Mary Clare Egberts was introduced by Steve Cook and she thanked the Club for inviting her to provide an update on our local response to the COVID-19 pandemic.  Mary Clare started by outlining the current stats, but reminded everyone that they change on a daily basis.  As of April 29th, Public Health was reporting 40 lab confirmed cases of COVID-19 in the entire Hastings and Prince Edward region.  As a percentage of the population, this means we have had less COVID cases than almost all other areas of the province (34 health units, we are #29).  Currently there is one COVID patient in our four hospitals and we have only had a total of 6 inpatients with COVID since the start of the pandemic.  There is a lot of testing for surveillance, even for hospital patients who don't have typical COVID symptoms so they are fairly confident that we are now able to identify patients early.  Even with increased testing, less than 2% of people being tested in the region are testing positive which confirms there is not wide community spread going undetected.  The Ontario government is predicting the current wave of the pandemic will infect less people than even the "best case" scenario that was predicted in late-March.  Having said that, there is significant concern for people living in congregated living settings, including long-term care, prisons and group homes.  These are vulnerable populations who don't have the ability to practice social distancing and are bearing the brunt of this outbreak.  As a health care system, the focus is on efforts to reduce the impact on our most vulnerable citizens.  Names of staff willing to be redeployed to long-term care homes have been gathered.  These staff are willing to provide infection control experience, personal protection equipment and any other support that local facilities may require.  We must remain prepared, vigilant and agile to be ready to adapt and meet the needs of our local communities in the event there are future waves in the months to come.
We were fortunate to have the Canadians return from Wuhan province to CFB Trenton for quarantine because it made us get a head start on all our preparations.  We needed to learn a great deal about this virus in a short amount of time and keep staff and physicians educated as new information became available.  We determined appropriate infection control practices and how to effectively isolate any potentially COVID patients from the rest of the hospital population.  Extensive staff training was undertaken.  New units and in-patient beds were opened and equipment and supplies ordered to be ready for an influx of patients, knowing that the pandemic would be arriving in our backyard.  When the pandemic was officially declared in March, we were ready and that is when we regrettably needed to start cancelling all but urgent surgeries and services.  This has had a tremendous impact on people's health and wellbeing and these decisions were not made lightly.  A community assessment centre in Belleville was opened for potential COVID patients as well as in Picton and Bancroft.  A dedicated COVID unit was opened at BGH and a second intensive care unit.  Tents were set up outside each of our four emergency rooms to allow for a separate ER for patients experiencing COVID symptoms versus those who needed the ER for other reasons.  Mary Clare was incredibly grateful that we had a little more time to prepare in comparison to China, Italy, Spain and even New York City that did not have that luxury.  It is far worse even in Toronto as well as in other parts of the world.  There may be more difficult times ahead, but Mary Clare wanted everyone to know that their local health system and all the front line health care professionals are better prepared now than ever before.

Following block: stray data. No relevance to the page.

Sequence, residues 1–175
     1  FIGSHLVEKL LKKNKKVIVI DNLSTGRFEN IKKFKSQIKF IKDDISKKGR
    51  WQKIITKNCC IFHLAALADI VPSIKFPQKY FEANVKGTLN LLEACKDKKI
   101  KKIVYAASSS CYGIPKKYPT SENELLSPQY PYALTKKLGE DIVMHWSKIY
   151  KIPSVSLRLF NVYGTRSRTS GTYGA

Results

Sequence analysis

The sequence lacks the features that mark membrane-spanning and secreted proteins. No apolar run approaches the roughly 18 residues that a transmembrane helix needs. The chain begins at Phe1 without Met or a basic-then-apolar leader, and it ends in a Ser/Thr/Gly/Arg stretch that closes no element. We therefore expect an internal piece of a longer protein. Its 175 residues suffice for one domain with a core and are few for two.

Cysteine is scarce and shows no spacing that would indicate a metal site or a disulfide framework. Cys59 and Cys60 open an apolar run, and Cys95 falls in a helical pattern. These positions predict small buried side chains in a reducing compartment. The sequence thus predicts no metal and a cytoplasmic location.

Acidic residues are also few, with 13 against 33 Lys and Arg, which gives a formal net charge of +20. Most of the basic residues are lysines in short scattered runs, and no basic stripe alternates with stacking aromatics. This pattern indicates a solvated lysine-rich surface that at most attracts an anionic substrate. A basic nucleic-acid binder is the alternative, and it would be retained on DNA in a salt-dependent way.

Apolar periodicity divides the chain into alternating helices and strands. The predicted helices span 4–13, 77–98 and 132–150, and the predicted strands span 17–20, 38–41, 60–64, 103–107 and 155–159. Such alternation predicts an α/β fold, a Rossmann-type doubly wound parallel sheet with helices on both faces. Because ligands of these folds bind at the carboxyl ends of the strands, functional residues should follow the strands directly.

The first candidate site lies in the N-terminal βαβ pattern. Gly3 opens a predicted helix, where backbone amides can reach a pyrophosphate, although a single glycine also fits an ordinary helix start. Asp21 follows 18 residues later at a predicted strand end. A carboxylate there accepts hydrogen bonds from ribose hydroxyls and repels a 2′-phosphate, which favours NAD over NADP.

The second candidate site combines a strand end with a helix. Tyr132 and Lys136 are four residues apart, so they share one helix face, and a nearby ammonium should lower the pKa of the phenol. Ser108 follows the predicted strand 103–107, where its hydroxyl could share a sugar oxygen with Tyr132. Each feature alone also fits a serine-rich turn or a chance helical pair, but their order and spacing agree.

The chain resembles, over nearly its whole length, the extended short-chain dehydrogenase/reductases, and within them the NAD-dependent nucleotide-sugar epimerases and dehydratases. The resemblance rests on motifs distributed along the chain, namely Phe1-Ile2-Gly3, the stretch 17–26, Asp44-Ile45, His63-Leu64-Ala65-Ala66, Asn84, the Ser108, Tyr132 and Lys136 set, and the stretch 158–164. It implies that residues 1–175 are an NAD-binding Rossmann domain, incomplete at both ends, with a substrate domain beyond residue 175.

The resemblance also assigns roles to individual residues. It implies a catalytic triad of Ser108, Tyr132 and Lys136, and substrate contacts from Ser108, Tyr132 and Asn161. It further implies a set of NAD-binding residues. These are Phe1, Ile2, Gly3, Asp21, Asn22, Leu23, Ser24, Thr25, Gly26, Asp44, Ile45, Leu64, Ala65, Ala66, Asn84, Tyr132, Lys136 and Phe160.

Another key learning from this entire experience will be the importance of personal protective equipment.  The entire supply chain has been severely impacted by this pandemic.  Manufacturers of PPE many of whom were based in China, simply can't keep up with the demand.  The Ontario and Canadian governments intervened quickly and have been working very hard to secure more stable supplies.  We have been lucky to have local manufacturers who quickly stepped up to start making hand sanitizer, face shields and masks to supply the hospital.  These have been vital.
It will be complex and difficult to bring all surgery and other services back to the regular state and we need to wait for provincial direction on when and how the restrictions will be lifted.  Even with social distancing aside, we simply don't have the protective equipment, medication and other supplies to immediately return to what we considered "normal" a few months ago.  Mary Clare has been in health care for almost 30 years.  She was the Chief Operating Officer at North York General, which cared for many of the SARS patients during that pandemic.  But she has never experienced anything like this pandemic.  She is incredibly proud of all front line staff and physicians, their support teams and leaders at Quinte Health Care.  To say they have gone above and beyond is an understatement.  They continue to impress and inspire her and she is so proud to be the CEO of this team.  That is why Mary Clare did not hesitate when the QHC Board asked her to delay her retirement until the end of this year.  She has been the CEO of the organization for more than 10 years and did not want to leave in the midst of a crisis.  Mary Clare also recognized the strength of this community.  All the ways everyone has shown support and love for front line health care workers has been amazing and so appreciated.  From messages of support, to sewing masks, to donations to the Hospital Foundation, to siren parades, to banging pots.  It is wonderful to see how many ways community members have made a difference.  Thank you to everyone.